Almond essentially argues that the devil’s place in Christian thought was borne out of a commitment “to the doctrine of one God who primary attribute was goodness” and could not accept that there was an opposing principle of evil that had existed from eternity or that God himself had created a being who by nature was evil. Thus, Satan became the fall guy—the explanation for evil in the world (47). It seems as though the Devil has been mistreated throughout history, being blamed for many things that could ultimately be explained naturalistically or by other means.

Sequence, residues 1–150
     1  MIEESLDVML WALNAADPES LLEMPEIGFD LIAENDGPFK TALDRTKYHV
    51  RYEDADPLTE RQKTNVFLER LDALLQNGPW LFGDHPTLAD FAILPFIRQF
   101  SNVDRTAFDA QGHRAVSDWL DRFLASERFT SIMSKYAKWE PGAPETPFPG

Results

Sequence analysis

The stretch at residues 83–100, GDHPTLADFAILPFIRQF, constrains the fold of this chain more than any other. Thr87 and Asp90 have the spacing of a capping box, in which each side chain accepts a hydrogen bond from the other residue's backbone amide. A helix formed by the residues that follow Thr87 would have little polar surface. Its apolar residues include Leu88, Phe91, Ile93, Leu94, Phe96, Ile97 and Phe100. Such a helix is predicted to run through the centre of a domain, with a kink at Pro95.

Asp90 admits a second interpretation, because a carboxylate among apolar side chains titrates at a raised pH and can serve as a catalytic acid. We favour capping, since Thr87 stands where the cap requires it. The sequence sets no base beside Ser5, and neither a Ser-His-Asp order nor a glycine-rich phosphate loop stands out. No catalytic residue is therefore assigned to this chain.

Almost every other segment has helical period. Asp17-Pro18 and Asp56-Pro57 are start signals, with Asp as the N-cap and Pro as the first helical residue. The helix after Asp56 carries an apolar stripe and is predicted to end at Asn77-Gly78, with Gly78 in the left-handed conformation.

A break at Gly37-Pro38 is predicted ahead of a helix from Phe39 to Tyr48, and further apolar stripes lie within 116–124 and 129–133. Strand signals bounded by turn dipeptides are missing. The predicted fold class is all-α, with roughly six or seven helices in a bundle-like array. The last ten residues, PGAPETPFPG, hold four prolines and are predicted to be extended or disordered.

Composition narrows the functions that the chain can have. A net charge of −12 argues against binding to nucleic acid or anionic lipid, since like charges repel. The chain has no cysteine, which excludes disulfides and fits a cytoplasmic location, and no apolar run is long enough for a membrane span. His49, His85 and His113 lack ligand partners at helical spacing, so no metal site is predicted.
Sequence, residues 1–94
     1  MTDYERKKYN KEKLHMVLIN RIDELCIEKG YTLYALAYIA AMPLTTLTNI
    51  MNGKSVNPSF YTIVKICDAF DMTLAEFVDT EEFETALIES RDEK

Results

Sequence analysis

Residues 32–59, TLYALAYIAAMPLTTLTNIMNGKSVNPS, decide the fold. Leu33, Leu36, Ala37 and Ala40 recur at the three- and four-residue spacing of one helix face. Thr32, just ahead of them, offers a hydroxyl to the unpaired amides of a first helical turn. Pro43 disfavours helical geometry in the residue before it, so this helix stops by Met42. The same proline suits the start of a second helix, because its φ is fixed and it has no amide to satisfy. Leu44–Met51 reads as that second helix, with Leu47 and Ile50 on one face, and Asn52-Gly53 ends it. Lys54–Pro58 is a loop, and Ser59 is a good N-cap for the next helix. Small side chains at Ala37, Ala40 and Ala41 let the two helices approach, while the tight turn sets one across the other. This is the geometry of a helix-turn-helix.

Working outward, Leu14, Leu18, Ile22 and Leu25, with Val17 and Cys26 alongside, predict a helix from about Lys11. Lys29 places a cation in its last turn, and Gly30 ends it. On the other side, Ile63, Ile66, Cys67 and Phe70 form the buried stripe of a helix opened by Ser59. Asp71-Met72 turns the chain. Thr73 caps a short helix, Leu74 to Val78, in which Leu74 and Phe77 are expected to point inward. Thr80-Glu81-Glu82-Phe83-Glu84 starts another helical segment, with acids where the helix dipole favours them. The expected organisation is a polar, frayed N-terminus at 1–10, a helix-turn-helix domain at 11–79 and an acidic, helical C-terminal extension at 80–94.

Almond takes the reader down a long historical road, along the way demonstrating the ways in which the Devil had morphed from an anonymous though testy adversary in the pages of the Hebrew Bible to the outright malevolent enemy of God in the Christian church. Along the way the Devil is gradually depicted in more overt gestures of evil and wickedness and linked to all manner of demonic and ungodly practices, e.g., magic, witchcraft, sorcery, possession, etc. Despite centuries of debate and research concerning the nature and activity of the devil, ultimately, according to Almond, the devil was relegated to the domain of credulity and superstition (205).